Binghamton, New York
The following comments about Urban Renewal were written in 1968 by then Executive Director of New York State Council on the Arts, John B. Hightower. His comments appeared as a forward to a publication on the first three years of Binghamton's Commission on Architecture and Urban Design (CAUD).

The Binghamton Commission on Architecture and Urban Design
The First Three Years: 1964-1967

Prepared for the Commission by Paul Malo, A.I.A, Assistant Professor of Architecture,
Syracuse University, under the Technical Assistance Program of the New York State Council on the Arts
Binghamton, New York


Renewal in recent years has come to be feared more than sought. Under the guise of progress, massive chunks of New York State's earlier architectural beauty have been ripped out and rebuilt into dye-cut models of banality. Cities which took more than a hundred years to form and grow into themselves have been totally rearranged. New cities have failed to develop around people temporarily transplanted from the downtown hearts of old ones.

The constant threat of systematic, relentless destruction is more pernicious and more profound than perhaps we can immediately comprehend. The sense of impermanence that results from this "legalized vandalism" leads to a disrespect of some basic social fibers - order, the right of property, the integrity of the law, to name a few. The result is blight, disrepair, squalor - and often riot.

Obliteration of buildings planned with care often goes hand-in-glove with a total disregard of architectural standards for the new. The number of instances in New York State where distinctive architecture of the past has been replaced with its contemporary counterpart is pitifully small.

Public outrage has not been altogether silent. Among the first conscientious and responsible attempts in the State to provide a formal municipal mechanism of concern for the character, quality, dignity, and appearance of a city was the Binghamton Commission on Architecture and Urban Design. The Commission has acted as a collective conscience in working with the Urban Renewal Agency and other regular municipal agencies to determine whether a renewed Binghamton will be beautiful or ugly. The New York State Council on the Arts felt that the existence of the Commission was significant enough to warrant a publication about its formative stages and some of the challenges it has met. Because the concept is courageous, it is also hazardous; what works in Binghamton may not work in other areas of the state. However, the experience of the Binghamton Commission on Architecture and Urban Design under its remarkable chairman, Mrs. David Levene, will certainly be of interest to other communities in New York and other states. Some of the formative planning may be adaptable elsewhere; all of it will, hopefully be provocative enough to encourage the efforts of those who recognize the urgency of improving the visual quality of our surroundings.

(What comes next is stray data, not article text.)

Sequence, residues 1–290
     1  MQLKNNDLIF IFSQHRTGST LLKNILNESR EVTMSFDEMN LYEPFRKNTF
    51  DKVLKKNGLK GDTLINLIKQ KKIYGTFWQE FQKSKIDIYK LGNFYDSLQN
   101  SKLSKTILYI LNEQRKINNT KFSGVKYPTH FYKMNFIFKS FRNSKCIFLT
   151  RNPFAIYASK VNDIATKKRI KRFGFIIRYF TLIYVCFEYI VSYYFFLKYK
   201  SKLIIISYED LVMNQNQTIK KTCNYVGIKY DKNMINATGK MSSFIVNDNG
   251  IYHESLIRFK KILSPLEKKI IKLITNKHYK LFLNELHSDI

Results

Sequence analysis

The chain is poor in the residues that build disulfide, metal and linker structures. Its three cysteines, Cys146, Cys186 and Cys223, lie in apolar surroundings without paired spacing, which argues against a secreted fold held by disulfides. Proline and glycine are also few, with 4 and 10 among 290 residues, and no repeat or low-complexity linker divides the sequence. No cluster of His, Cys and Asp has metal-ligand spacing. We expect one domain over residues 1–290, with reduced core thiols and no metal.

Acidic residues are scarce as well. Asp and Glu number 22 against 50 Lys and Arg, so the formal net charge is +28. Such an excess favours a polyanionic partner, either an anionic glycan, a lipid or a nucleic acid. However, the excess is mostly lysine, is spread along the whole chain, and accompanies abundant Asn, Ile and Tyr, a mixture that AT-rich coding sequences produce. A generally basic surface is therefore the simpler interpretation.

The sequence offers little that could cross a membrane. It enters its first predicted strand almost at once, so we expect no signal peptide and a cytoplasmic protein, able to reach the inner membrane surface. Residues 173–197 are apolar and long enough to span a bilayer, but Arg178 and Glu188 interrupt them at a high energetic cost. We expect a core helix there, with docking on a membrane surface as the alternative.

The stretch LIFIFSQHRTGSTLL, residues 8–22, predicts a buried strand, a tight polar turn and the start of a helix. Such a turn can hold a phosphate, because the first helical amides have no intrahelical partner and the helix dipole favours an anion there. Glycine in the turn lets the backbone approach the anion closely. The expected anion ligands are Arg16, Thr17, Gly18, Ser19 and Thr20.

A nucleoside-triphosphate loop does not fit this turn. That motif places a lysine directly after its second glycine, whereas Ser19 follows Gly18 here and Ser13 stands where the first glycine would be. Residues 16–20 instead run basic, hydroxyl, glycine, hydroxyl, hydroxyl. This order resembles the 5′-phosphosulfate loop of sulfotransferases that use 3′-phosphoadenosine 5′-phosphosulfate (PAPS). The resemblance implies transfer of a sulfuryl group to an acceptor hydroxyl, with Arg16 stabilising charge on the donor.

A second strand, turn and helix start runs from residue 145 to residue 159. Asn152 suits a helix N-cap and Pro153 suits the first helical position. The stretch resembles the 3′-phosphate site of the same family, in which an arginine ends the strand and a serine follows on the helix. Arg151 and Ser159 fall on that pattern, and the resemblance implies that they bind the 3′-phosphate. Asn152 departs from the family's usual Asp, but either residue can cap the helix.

John B. Hightower
Executive Director
New York State Council on the Arts

Read the Article
Photos of the Station

Copyright 2010, Roger Luther, All Rights Reserved